Terms

Unearned Premium

Unearned Premium

Unearned Premium

What Are Unearned Premiums?

An unearned premium is the premium amount that corresponds to the time period remaining on an insurance policy. It is the portion of the policy premium that has not yet been "earned" by the insurance company because the policy still has time before it expires.

Unearned premiums are liabilities on the insurer’s balance sheet because they would be paid back upon policy cancellation.

For example, at the end of the first year of a fully prepaid five-year insurance policy with premiums of $2,000 per year, the insurer has earned a premium of $2,000 and has an unearned premium of $8,000.

Key Takeaways

– Unearned premium is the portion of the policy premium that has not yet been "earned" by the insurance company because the policy still has time before it expires.

– Provisions in the insurance contract govern the terms for unearned premium.

– In certain circumstances, an insurance company may not have to issue a refund for unearned premium.

Understanding Unearned Premiums

An unearned premium is the portion of an insurer’s total premiums collected in advance. It may be subject to return if coverage ends before the term covered by the premium is complete. An unearned premium may be returned in the event of a total loss, cancellation, or a change in coverage.

For example, if a client paid an auto insurance premium one year in advance and their vehicle was destroyed four months into the coverage period, the insurance company keeps one-third of the annual premium for coverage provided and returns the other two-thirds as unearned premium.

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Provisions in the insurance contract govern the terms for unearned premium, which must adhere to applicable regulations. A specific formula may be required to calculate the amount of unearned premium.

An insurance premium is not immediately recognized as earnings by the insurer. In certain circumstances, an insurance company may not have to issue a refund for unearned premium.

For example, if the insured provided false information on their application, the provider may not be required to refund any part of the earned or unearned premiums collected. Policies typically outline the conditions for obtaining the unearned portion of a premium.

Insurance providers may not have to return a portion of unearned premium if the policyholder terminates coverage for unspecified reasons or to secure a policy with a different provider. It is advisable for the policyholder to wait until the coverage period of the last paid premium is close before switching insurance companies.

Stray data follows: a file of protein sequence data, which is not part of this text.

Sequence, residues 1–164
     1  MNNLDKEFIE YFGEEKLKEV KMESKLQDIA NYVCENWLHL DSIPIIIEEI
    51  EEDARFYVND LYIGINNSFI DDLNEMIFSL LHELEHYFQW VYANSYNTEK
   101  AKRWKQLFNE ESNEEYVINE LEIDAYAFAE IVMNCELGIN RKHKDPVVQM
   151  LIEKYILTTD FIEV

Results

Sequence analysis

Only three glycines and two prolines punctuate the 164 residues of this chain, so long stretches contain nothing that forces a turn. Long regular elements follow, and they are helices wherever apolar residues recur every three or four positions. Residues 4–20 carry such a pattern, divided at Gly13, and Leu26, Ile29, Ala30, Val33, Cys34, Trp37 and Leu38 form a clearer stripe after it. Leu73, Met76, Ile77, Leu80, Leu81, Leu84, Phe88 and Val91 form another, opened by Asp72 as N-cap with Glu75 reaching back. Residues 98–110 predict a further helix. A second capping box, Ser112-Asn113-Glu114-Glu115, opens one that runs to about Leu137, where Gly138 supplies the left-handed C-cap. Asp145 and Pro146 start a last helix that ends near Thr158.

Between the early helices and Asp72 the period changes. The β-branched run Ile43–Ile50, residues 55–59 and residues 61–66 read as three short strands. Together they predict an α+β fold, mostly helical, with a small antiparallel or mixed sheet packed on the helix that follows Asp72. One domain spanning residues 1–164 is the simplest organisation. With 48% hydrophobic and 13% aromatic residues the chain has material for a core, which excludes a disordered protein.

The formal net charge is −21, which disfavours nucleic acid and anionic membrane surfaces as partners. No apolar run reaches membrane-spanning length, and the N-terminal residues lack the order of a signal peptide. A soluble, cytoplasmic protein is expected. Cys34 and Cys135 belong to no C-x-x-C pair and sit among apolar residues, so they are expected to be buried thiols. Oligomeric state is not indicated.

However, if the insured can prove that the provider did not honor the terms and conditions outlined in the policy provisions, any unused portion of the premium should be refunded.

Unearned Premium vs. Earned Premium

An unearned premium on an insurance policy is the opposite of earned premium. Earned premium refers to the pro-rated amount of paid-in-advance premiums that now belongs to the insurer. It is the sum of the total premiums collected over a specific period of time.

In other words, earned premium is the portion of an insurance premium that paid for the period during which the insurance policy was in effect but has now expired. The insurance company considers the associated premium payment as "earned" because it covered the risk during that time.

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Example of Unearned Premium

Because canceling a policy may require issuing a refund, unearned premiums appear as liabilities on an insurance company’s balance sheet.

For instance, if an insurance company receives $600 on January 27 for coverage from February 1 to July 31, but as of January 31, the $600 has not been earned. The insurance company reports the $600 in its cash account and records it as a current liability in its unearned premium revenue account. As the company earns the premium, it moves the earned amount from the liability account to a revenue account on its income statement.

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